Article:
True happiness, after all, does not exclude sadness, but rather embraces it within the living paradox which personal wholeness demands. As the quiet contentedness of joy, such happiness is not, I suggest, attained by seeking happiness, nor by eliminating sadness through addressing purely personal wants, needs, fears, anxieties and insecurities. Indeed, a reactionary cult of 'happiness', based on the indiscriminate elimination of all psychospiritual suffering, is in the longrun as lopsided, narrow, false, repressive and self-defeating as the current 'epidemic' of depression. Endorsing happiness above sadness, in other words, simply amounts to replacing one extreme (which is falsely viewed in a totally negative light) with its opposite, which is seen as positive. In reality, though, not all happiness is positive - and not all depression is 'bad'.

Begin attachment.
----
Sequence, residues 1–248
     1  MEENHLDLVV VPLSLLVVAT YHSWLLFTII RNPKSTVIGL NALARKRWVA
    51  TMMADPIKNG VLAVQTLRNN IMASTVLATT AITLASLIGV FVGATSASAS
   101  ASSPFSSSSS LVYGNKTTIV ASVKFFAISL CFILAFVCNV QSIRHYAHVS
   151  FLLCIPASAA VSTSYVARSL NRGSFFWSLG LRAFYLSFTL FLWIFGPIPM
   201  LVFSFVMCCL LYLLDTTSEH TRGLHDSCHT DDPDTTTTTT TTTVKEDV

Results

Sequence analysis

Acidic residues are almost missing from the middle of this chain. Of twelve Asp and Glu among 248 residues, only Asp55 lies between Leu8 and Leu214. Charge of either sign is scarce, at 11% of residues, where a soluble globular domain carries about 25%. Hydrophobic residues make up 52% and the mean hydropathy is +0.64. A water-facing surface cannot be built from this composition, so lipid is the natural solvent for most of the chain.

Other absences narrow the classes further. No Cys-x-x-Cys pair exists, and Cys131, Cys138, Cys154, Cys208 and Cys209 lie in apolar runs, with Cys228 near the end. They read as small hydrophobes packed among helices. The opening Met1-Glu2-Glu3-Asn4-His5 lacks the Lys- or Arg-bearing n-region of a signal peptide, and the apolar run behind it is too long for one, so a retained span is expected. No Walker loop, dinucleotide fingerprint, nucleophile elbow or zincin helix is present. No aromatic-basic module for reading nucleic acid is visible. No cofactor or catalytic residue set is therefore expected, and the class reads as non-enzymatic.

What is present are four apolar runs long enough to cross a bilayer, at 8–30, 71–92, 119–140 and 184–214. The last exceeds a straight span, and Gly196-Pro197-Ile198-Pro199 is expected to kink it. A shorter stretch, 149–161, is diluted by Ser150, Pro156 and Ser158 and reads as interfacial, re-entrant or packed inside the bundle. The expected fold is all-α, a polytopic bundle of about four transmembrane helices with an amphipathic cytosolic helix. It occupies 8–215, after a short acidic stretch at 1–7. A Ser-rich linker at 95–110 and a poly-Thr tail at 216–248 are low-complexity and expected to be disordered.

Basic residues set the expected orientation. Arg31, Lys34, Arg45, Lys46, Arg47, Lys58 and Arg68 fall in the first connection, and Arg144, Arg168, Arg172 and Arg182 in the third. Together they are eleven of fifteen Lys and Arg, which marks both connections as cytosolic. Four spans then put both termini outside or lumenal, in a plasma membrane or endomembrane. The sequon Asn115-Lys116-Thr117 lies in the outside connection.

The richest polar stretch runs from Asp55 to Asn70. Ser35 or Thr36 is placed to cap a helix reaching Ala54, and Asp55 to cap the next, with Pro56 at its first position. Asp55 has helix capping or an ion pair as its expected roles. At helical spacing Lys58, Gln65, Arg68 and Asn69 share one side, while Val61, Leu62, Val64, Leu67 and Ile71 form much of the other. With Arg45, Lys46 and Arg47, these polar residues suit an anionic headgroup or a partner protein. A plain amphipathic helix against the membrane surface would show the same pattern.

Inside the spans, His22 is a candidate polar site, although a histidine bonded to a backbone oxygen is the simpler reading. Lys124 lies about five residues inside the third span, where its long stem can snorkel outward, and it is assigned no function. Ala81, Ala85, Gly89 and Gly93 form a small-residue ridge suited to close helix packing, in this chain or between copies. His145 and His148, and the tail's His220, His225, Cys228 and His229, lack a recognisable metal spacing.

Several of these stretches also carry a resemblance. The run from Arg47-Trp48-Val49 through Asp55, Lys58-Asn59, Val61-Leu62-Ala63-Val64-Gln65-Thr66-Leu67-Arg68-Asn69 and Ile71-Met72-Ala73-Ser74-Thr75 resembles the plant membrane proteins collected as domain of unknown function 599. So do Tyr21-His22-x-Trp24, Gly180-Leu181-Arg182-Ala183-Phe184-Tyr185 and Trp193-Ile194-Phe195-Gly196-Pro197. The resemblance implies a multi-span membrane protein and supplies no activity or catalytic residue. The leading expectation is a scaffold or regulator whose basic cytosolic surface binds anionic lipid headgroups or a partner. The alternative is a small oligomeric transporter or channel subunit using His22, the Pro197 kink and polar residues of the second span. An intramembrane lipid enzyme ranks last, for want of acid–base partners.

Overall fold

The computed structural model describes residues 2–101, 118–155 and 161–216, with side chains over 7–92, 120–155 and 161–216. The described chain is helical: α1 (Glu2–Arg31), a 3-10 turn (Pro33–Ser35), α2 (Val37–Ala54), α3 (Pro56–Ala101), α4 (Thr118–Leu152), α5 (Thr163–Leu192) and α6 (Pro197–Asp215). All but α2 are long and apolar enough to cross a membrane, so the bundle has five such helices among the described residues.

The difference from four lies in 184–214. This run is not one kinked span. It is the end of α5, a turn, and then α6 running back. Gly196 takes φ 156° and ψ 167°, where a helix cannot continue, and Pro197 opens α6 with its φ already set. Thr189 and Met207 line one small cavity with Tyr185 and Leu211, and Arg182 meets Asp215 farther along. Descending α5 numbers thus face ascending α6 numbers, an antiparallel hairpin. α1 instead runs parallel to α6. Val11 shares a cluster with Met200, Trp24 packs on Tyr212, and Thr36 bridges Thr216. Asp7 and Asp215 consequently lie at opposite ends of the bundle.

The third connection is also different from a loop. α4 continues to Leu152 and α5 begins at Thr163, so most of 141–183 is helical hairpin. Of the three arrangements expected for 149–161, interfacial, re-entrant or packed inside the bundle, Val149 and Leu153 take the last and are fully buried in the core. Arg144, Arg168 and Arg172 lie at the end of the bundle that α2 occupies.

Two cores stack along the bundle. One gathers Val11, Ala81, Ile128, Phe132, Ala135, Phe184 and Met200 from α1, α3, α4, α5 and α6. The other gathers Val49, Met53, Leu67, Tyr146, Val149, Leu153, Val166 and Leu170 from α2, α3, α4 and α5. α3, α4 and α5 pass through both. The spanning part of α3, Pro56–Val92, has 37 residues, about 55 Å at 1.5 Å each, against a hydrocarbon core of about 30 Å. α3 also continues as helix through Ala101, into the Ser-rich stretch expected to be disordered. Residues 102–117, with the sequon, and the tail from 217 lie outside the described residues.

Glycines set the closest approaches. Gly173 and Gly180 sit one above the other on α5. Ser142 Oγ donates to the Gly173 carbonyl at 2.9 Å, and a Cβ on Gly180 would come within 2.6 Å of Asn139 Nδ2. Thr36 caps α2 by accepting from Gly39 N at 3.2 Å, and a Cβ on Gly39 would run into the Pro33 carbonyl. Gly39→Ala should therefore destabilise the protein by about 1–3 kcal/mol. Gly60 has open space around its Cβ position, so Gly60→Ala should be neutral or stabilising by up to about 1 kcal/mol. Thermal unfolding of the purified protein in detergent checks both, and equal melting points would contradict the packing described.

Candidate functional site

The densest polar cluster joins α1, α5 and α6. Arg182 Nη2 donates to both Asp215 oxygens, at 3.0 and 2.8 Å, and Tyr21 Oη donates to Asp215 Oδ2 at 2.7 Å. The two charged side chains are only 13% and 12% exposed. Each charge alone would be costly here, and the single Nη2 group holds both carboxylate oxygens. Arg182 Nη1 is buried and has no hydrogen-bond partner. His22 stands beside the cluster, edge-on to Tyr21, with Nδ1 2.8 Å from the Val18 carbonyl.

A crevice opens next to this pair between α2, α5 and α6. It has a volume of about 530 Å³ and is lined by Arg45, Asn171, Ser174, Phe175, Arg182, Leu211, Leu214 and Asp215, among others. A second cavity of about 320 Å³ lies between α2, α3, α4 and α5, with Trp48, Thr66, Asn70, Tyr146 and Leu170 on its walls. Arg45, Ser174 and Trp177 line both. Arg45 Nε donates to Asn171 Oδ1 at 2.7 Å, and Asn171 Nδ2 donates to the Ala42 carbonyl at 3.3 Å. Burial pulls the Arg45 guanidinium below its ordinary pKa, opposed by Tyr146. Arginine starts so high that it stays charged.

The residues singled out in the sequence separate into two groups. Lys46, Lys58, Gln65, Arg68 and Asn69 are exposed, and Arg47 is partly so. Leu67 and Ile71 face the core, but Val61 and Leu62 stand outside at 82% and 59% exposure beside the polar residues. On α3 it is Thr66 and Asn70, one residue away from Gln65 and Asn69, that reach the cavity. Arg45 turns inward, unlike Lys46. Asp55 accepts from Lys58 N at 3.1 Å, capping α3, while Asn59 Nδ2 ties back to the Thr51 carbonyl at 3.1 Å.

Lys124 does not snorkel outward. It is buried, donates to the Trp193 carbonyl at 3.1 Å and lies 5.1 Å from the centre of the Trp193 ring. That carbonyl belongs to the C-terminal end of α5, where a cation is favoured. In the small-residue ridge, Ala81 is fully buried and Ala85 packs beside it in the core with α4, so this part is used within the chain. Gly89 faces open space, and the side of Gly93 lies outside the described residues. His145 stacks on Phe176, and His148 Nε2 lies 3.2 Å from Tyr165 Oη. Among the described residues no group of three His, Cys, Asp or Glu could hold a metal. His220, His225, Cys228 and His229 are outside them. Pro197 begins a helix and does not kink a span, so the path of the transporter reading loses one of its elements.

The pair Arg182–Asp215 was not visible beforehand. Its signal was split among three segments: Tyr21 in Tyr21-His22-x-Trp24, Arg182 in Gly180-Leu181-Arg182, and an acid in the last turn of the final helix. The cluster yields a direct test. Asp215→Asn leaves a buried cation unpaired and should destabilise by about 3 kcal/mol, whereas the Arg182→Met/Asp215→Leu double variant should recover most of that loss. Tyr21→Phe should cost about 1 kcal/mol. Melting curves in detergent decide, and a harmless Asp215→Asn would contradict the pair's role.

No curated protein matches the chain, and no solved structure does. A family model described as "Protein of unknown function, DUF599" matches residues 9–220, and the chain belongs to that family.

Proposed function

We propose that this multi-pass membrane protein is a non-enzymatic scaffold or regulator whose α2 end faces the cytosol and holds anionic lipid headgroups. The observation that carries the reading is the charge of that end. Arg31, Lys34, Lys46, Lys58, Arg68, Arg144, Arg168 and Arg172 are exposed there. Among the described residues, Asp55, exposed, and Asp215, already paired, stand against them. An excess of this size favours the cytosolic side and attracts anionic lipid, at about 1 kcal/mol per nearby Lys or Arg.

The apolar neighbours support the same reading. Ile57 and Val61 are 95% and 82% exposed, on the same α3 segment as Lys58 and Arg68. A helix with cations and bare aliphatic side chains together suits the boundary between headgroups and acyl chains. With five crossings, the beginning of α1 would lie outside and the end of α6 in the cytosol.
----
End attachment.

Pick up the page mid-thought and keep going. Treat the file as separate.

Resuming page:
Depression as Soul Loss

Given that many concerned folk are desperately seeking to address the depression 'plague', there is, I suggest, an urgent need to 're-vision', or re-evaluate depression from a soul-centred angle, if we are to avoid exacerbating this cultural crisis through misguided attempts to stifle the urgent needs of soul which depression is often calling our attention to. From soul's angle, far from being an 'insidious illness', depression is often a valuable phase of a person's life journey, a critical juncture at which a soul-searching re-assessment of priorites, directions, relationships, work, gifts, self-image, home life, spirituality and/or values is being called for. For this reason, dreams and myths often contain the theme of the 'buried treasure',